The second type of property visits are part of an ongoing review recommended by the State Tax Commission. In order to keep assessment records current and accurate we visit 20% of our properties on an annual basis. These visits involve taking current outside pictures, checking building measurements, and looking for physical changes to the property.

    When completing any type of fieldwork, assessing staff will have Olive Township business cards or other official identification such as this car door magnet:

  • Taxable Value (TV) Calculation

    Starting in 1995, Taxable Value (TV) has been calculated independently of the State Equalized Value (SEV). The current year Taxable Value can be defined as:

    TV is the lower of:

    Current year SEV
    Prior year TV − Losses × CPI (Consumer Price Index) + Additions

    Losses may be fire damage, demolition, etc. Additions may be new construction, remodeling, etc. CPI is the inflation rate as determined by The State Tax Commission and cannot be greater 
than 5%.

    Taxable Value is uncapped when a transfer of ownership of a property occurs. This means that the TV will be the same as the SEV in the year following the ownership change. Please contact the Assessing Office with questions regarding transfer of ownership.

    The Taxable Value is the value used by the Treasurer’s Office to apply to the millage rate to calculate your tax bill.

  • How Your Property Is Assessed

    The market value of your property is simply the probable price that it would sell for in an arm’s length transaction between a willing buyer and a willing seller. The Assessor is required by state law to assess at 50% of true cash value/market value all assessable property, as of December 31, of each year. This includes agricultural, residential, commercial, industrial, and personal property (machinery and equipment for commercial, industrial and utility properties).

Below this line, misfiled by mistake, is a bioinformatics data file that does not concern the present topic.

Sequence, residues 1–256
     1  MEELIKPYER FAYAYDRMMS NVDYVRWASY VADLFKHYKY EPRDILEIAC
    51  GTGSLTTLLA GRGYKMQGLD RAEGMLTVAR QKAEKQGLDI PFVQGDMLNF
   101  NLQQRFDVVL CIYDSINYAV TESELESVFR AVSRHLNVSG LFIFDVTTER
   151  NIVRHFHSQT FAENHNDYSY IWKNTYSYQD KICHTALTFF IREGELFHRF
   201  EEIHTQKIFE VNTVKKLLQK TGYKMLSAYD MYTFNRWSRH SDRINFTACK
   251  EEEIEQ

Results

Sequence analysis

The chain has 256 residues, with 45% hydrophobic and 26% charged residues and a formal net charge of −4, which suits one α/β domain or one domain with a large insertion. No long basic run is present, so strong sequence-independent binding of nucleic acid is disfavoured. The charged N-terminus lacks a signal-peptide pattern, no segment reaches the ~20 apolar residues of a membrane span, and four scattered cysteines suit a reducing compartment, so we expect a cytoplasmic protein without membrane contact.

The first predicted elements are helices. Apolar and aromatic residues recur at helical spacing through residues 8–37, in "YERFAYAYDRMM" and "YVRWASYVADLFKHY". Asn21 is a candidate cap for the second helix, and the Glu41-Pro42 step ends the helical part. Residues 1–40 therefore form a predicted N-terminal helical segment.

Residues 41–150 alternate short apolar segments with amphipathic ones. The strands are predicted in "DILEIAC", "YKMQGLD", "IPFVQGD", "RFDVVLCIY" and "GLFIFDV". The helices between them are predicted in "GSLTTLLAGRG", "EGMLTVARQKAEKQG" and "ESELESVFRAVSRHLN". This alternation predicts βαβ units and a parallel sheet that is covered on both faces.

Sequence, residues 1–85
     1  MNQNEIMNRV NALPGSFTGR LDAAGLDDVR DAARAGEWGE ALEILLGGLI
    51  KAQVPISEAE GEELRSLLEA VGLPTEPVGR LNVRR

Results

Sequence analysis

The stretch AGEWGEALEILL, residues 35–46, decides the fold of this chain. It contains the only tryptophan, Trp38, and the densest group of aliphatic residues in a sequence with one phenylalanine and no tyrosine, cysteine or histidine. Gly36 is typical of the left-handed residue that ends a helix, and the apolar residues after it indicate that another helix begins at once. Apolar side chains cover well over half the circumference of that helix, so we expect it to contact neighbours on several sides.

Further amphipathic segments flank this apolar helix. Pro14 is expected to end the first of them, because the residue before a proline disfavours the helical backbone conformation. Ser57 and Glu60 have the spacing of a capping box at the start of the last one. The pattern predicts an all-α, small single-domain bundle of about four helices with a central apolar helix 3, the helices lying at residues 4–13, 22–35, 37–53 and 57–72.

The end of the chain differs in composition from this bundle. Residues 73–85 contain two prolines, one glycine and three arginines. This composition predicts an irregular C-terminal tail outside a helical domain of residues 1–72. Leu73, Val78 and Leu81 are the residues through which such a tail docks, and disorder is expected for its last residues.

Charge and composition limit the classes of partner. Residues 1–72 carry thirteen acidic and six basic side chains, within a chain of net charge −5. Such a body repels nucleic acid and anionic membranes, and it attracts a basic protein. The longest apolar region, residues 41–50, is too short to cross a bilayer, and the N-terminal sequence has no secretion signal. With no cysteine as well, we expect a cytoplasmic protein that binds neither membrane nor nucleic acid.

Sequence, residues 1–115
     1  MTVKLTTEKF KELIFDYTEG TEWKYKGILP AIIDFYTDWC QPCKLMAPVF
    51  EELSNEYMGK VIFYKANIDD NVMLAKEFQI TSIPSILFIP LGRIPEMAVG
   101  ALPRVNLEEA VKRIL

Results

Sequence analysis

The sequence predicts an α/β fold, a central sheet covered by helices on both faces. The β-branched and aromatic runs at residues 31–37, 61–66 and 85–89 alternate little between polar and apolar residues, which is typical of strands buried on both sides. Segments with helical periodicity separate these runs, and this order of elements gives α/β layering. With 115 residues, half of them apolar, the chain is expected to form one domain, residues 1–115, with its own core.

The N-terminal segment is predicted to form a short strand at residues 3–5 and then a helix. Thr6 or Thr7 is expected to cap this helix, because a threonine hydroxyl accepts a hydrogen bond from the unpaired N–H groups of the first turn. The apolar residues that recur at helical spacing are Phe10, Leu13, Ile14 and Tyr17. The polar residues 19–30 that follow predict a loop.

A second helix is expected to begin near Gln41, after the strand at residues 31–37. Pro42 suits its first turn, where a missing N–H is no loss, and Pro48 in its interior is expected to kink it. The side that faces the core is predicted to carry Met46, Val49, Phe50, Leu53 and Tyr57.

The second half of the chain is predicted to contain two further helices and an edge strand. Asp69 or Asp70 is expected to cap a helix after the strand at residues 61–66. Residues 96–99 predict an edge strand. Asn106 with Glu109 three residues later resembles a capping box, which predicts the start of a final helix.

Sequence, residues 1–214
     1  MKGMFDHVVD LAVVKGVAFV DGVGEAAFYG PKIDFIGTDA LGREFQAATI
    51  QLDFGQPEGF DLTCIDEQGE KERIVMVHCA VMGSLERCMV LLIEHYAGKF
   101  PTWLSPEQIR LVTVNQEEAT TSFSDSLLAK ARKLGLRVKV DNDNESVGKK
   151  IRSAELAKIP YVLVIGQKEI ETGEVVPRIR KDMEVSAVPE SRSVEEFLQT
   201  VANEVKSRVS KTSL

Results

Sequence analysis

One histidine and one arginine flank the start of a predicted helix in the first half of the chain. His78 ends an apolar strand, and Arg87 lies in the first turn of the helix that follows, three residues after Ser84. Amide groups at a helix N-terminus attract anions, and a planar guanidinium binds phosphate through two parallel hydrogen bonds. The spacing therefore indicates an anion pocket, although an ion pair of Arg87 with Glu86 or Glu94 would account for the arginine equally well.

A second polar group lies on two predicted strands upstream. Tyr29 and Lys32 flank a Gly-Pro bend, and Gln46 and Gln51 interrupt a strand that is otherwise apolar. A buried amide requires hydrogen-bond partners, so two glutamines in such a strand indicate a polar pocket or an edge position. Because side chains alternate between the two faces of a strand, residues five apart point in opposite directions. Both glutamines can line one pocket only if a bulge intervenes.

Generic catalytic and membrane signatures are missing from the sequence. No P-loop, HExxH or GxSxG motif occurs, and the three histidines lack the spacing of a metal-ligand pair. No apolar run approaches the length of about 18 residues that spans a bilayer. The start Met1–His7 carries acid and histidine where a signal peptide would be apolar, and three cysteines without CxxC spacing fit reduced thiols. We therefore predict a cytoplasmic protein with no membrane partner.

The Assessor takes various factors into account when establishing property value, including:

    • Description of the property/land and its improvements
    • Lot size
    • Age of home and/or other buildings
    • Land value
    • Building square footage
    • Value-enhancing amenities (such as paved road, utilities available, topography, etc.)
  • Filing Requirements - Principal Residence Exemption (PRE) and Property Transfer Affidavits

    With the passage of Proposal A in 1994 came rules and regulations that impact your property tax assessment. When purchasing a piece of property, either improved or vacant, you are required by law to file with your local government a Principal Residence Exemption (PRE) Affidavit and a Property Transfer Affidavit. Terms such as “capped value” and “taxable value” have become part of the assessment and taxation procedure.

    To summarize:

    • State Equalized Value (S.E.V.) is half of the Appraised Market Value/True Cash Value
    • Capped Value is last year’s taxable value increased or decreased by the amount of the Consumer Price Index (CPI) with a maximum increase of 5%) plus additions and minus losses to the property.